ne plus ultra

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Borrowed from Latin nē plūs ultrā.


  • enPR: /nē' plŭs ŭl'trə/


ne plus ultra (plural ne plus ultras)

  1. The highest, ultimate point of achievement which can be reached; perfection.
    • 1837, L[etitia] E[lizabeth] L[andon], “Success”, in Ethel Churchill: Or, The Two Brides. [], volume II, London: Henry Colburn, [], →OCLC, page 74:
      Suppers were the ne plus ultra of human invention; it could go no further, and was obliged to degenerate; dinner is too much matter of business, it is a necessity: now, a necessity is too like a duty ever to be pleasant.
    • November 30, 2014, Julia Kavanagh, Rome: The ‘ne plus ultra’ of Art[1]
      It doesn’t get any ‎better than this because Rome, like Florence, is the ne plus ultra of art.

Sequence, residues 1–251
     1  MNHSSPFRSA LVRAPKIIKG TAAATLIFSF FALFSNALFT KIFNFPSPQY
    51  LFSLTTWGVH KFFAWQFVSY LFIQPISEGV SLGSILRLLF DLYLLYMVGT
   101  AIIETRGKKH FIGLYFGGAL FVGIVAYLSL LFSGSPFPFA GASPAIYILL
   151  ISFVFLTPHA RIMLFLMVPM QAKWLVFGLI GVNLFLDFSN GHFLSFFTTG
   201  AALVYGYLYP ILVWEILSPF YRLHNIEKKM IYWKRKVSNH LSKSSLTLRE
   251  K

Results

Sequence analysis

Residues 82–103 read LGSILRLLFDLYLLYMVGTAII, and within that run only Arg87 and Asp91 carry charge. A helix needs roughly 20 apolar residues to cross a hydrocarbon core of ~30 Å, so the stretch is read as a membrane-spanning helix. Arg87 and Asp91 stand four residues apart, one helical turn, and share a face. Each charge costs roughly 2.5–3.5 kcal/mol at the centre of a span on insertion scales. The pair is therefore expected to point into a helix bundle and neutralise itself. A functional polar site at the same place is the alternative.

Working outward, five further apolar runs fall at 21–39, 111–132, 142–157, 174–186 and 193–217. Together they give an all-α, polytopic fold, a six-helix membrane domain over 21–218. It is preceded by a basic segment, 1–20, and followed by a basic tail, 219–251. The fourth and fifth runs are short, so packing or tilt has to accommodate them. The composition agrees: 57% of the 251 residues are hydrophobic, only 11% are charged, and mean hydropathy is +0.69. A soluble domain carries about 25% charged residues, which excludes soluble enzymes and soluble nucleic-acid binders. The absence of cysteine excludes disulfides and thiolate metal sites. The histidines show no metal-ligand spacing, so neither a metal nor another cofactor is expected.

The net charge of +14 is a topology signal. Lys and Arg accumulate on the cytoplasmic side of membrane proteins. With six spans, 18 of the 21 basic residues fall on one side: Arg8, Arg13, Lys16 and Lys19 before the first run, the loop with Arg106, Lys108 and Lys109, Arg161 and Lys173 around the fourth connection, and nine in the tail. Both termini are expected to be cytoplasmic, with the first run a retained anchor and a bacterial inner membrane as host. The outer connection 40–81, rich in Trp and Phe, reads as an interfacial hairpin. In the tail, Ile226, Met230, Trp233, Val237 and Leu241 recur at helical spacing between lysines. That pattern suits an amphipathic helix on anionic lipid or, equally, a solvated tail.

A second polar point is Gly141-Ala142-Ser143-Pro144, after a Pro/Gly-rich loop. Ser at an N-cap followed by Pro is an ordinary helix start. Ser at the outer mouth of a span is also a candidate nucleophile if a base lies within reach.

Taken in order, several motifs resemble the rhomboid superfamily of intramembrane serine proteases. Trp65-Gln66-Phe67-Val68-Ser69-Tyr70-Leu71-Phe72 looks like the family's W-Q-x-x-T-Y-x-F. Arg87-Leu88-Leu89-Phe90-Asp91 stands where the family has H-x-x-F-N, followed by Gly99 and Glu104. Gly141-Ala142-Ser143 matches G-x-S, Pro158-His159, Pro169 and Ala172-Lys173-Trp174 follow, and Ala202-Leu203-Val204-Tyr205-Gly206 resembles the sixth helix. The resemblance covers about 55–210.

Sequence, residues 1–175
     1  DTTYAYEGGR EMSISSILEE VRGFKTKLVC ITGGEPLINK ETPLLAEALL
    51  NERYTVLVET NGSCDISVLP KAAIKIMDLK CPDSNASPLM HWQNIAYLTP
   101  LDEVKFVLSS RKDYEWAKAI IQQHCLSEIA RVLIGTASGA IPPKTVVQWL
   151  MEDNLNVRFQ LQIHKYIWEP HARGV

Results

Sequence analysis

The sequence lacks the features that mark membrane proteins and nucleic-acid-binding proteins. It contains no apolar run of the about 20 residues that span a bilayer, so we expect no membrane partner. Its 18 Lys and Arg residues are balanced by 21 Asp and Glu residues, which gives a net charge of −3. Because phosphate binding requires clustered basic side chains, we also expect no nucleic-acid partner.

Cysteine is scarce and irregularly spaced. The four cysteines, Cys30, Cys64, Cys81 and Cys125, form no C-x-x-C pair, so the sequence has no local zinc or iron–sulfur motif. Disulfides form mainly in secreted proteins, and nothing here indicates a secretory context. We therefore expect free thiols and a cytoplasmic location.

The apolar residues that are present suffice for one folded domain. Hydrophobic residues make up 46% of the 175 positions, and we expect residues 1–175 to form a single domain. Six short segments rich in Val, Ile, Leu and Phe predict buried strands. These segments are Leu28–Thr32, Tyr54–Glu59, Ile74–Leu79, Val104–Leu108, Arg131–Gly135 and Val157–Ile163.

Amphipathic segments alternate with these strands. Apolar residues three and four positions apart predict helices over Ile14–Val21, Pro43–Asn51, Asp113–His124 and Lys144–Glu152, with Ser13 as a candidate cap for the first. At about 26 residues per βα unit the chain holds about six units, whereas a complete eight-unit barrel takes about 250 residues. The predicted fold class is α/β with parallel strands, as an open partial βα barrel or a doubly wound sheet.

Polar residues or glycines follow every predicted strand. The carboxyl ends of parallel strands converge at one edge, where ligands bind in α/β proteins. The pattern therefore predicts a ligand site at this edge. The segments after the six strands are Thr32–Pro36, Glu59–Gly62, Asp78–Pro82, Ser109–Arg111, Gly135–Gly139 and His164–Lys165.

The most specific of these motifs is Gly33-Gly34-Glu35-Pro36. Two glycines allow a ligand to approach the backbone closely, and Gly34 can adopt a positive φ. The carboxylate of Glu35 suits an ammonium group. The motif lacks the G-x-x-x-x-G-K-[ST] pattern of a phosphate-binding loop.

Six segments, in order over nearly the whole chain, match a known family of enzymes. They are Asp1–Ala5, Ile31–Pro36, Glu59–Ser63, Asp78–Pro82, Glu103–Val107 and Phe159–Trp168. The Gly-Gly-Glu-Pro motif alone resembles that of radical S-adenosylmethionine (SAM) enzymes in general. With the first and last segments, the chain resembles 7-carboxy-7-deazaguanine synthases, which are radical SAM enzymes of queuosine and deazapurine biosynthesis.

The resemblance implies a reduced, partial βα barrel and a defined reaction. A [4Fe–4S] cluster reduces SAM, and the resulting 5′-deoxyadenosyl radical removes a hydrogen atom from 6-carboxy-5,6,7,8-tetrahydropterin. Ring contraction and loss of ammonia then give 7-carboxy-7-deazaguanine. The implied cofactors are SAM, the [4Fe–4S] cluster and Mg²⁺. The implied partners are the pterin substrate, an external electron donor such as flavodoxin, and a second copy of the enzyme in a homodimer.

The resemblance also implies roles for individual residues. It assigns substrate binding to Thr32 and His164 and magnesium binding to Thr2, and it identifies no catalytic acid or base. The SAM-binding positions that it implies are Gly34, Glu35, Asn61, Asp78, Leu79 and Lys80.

2. The perfect or most extreme example of its kind; the ultimate.
  3. (rare) A prohibition against proceeding further; an insuperable obstacle or limiting condition.




Ellipsis of a subjunctive verb like prōgrediāris (may you advance); or reinterpreted as a negative result clause with ellipsis of fierī possit (so that ... is impossible).



plūs ultra

  1. Alternative form of nōn plūs ultrā (A warning to not go beyond a certain point.)